His theory of the relation of the body to the soul was very different from Plato’s. He held that the body was as necessary to the existence of man as the soul. Each was in substantial unity with the other. The body was good as was matter. He called the soul the “form” of the body. Christianity has accepted this explanation. “The unity of soul and body is so profound that one has to consider the soul to be the ‘form’ of the body: i.e., it is because of its spiritual soul that the body made of matter becomes a living, human body; spirit and matter, in man, are not two natures united, but rather their union forms a single nature” (Catechism of the Catholic Church, no. 365). The soul can exist without the body but the soul is not man.

Death becomes a problem again. If the soul is immortal and the soul and the body form a single nature, then it is unnatural that the body should die. Aristotle was puzzled by this, as every body he experienced died and yet man’s body should not die forever. There was so solution to this by reason. The necessity of resurrection was reasonable because of the union of the immortal soul with the mortal body, but the fact was impossible by nature. This demonstrates that, though man can learn many truths through reason, ultimate truths desert him. There must be another knowledge besides reason to explain these things, but no one knows that it exists unless God chooses to reveal it and we respond in faith. Man without revelation was imprisoned in a box canyon concerning the mystery of death. When Christ rose from the dead, like the ring to a finger, the solution was clear. Man was not destined for death, but for God. Aristotle knew that man was not destined for death, but everyone died. Aristotle was treating the nature he knew as though it were nature as it should be. We know by revelation that it is fallen nature.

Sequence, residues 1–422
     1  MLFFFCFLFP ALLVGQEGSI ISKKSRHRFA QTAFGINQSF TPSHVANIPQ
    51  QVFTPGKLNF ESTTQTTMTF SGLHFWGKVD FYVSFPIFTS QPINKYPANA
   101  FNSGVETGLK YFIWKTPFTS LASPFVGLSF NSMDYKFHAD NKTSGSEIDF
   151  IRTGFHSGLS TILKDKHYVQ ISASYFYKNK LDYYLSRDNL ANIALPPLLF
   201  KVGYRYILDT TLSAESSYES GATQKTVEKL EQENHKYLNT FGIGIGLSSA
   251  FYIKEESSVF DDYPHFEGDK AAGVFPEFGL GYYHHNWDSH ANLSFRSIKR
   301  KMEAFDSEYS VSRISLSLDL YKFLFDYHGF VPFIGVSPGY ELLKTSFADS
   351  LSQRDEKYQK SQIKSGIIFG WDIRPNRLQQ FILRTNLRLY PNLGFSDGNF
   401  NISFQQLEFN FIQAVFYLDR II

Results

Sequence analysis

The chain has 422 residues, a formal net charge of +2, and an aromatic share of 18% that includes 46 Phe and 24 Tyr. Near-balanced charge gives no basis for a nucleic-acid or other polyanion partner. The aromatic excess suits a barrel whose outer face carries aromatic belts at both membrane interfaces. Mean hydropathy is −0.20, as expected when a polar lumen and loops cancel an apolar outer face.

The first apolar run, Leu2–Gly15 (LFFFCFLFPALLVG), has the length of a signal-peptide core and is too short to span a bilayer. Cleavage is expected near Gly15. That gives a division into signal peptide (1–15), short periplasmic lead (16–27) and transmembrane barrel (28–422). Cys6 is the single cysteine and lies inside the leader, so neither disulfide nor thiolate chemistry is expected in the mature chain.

So, though one can know that resurrection is necessary for the completion of the nature of man through reason, there is no solution as to how this can take place. Arguments drawn from reason are pointless to demonstrate the fact of resurrection, though they can demonstrate its necessity and that it is not absurd. The resurrection of the dead is a miracle because there is no power by nature in the body or the soul of man to make a dead body live forever. You cannot prove the fact of resurrection; faith alone, based on the physical post-resurrection experiences of Jesus, can give man certainty that he can fulfill his nature.

Fr. Brian Mullady, OP About Fr. Brian Mullady, OP

Fr. Brian T. Mullady, OP, entered the Dominican Order in 1966 and was ordained in 1972. He has been a parish priest, high school teacher, retreat master, mission preacher, and university professor. He has had seven series on EWTN and is the author of two books and numerous articles, including his regular column in HPR, "Questions Answered".

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Comments

  1. Re: Reality of the Resurrection. There is a book written by a former atheist called Cold Case Christianity. The atheist was a homicide detective who’s expertise lay in “cold cases.” What’s more cold than a death from over 2000 years ago? It’s an interesting and easy read.